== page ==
There may not be a Plan A or Plan B in sight for some of the dozen or so co-ops involved in milk processing, which face major difficulty in funding processing expansion.
There is no Plan B, says Glanbia managing director John Moloney, of the group’s proposal for expansion of milk processing — on which their 7,800 active members must vote on Tuesday, Nov 13.
He says all options were assessed, and they came up with the joint venture proposal, to cope with up to 60% growth in milk output by 2020. It would be part-funded by the sale of 3% of Glanbia plc share capital.
He makes the point that Glanbia shares have performed well, making it prudent for farmers to use some of their value — while Glanbia plc continues to pursue the global nutritionals path which has paid off so well for them.
It is Glanbia plc and Co-op’s good fortune that they have done well, and thus have the option to unlock more than €60m of share value to help finance a processing joint venture.
But there may not be a Plan A or Plan B in sight for some of the dozen or so co-ops involved in milk processing, which face major difficulty in funding processing expansion.
That is why the Dairy Board, responsible for 60% of Irish dairy exports, sees funds for processing expansion as one of the biggest challenges ahead.
Dairy Board chairman Vincent Buckley says it is vital that future processing facilities are flexible enough to provide them with the extra product they will need — but says it is not possible for the processing industry or farmers to fully fund that processing requirement.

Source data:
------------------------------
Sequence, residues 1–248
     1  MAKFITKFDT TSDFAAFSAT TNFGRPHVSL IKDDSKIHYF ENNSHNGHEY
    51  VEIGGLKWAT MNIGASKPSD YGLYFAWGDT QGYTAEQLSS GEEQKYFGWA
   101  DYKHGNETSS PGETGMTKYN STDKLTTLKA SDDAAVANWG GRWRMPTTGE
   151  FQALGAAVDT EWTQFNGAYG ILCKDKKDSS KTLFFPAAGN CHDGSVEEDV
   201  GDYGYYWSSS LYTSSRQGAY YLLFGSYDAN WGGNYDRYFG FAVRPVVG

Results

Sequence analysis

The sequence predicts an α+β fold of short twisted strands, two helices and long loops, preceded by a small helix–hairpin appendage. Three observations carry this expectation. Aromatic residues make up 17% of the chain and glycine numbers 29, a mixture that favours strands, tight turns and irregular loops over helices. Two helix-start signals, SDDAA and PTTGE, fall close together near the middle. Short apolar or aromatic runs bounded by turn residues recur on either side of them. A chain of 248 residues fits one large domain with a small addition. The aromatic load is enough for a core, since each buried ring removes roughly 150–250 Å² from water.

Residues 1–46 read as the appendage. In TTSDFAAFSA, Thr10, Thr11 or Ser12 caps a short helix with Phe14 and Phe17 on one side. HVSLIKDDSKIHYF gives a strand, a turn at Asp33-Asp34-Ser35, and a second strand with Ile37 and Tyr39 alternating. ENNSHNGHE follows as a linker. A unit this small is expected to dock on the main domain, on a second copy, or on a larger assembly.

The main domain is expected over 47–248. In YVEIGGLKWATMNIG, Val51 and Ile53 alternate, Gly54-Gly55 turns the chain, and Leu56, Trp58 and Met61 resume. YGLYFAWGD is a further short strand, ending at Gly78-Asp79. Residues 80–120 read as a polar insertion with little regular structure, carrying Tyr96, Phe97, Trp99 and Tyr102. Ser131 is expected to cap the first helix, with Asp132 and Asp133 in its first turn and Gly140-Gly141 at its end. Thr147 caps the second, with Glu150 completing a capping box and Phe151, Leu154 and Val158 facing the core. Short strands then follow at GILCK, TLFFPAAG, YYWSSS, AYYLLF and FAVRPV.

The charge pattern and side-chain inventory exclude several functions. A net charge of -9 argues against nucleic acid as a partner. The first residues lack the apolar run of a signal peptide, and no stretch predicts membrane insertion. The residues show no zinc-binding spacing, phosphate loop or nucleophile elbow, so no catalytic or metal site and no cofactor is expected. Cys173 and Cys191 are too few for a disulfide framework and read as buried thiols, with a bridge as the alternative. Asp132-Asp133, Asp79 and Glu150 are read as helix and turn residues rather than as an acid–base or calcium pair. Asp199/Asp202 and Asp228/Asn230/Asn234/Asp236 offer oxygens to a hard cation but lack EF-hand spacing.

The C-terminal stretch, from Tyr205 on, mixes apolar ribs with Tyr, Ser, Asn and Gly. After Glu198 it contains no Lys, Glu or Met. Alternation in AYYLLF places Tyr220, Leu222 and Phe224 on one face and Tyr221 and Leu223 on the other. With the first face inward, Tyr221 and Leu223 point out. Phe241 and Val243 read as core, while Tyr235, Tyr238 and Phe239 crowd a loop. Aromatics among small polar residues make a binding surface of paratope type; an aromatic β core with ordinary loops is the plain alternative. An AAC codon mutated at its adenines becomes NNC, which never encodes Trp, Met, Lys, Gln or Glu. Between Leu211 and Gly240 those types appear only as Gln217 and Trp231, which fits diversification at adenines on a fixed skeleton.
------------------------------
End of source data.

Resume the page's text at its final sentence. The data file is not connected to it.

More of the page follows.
Farmers must invest significantly on their own farms, so it will be very difficult for them to fund the processing industry.
The Dairy Board agrees with IFA that incentives are needed for investors in the industry, and Government support for investment is vital — not by way of direct Government investment, in the current difficult national financial situation, but by way of a tax support stimulus that would create employment, plus a pro-business attitude, making exporting as easy as possible, and supporting research and development.
The Glanbia initiative — and the hope that it presents an opportunity for greater collaboration between all the dairy co-ops — may be pivotal to meeting the challenge of funding investment in the Food Harvest 2020 plan to process the 2.75 billion litres of extra milk could be produced by Ireland.
Strong Government encouragement for it would be welcome, as an acknowledgement of the potential of the dairy industry.
If investment can be found, Ireland will increase production and processing to the scale of 1.5% of Europe’s current milk pool.
It is not a very significant extra volume of milk in the EU context, nor in a global context of demand for dairy produce increasing at an expected 4% per annum, while global production increases by no more than 2% per annum.
But it is huge in the Irish context, where dairy exports are already 30% of agri-food output, and dairy directly employs about 27,000.
It’s a low profit margin industry, but with the lowest cost of production milk in the EU, and a clean, green marketing image, it works for Ireland — which can be seen from the Dairy Board’s achievements.
Kerrygold is Ireland’s only international food brand, the No 1 butter in Germany, the No 1 imported brand in the USA, worth €500m of retail sales per year.
Pilgrims Choice cheddar is No 2 in the UK market, and Dubliner cheese is achieving double digit market growth in the US.
But the industry needs help to get through its next phase after EU quotas are scrapped in 2015 — and now is an opportune time for the Government to get behind it.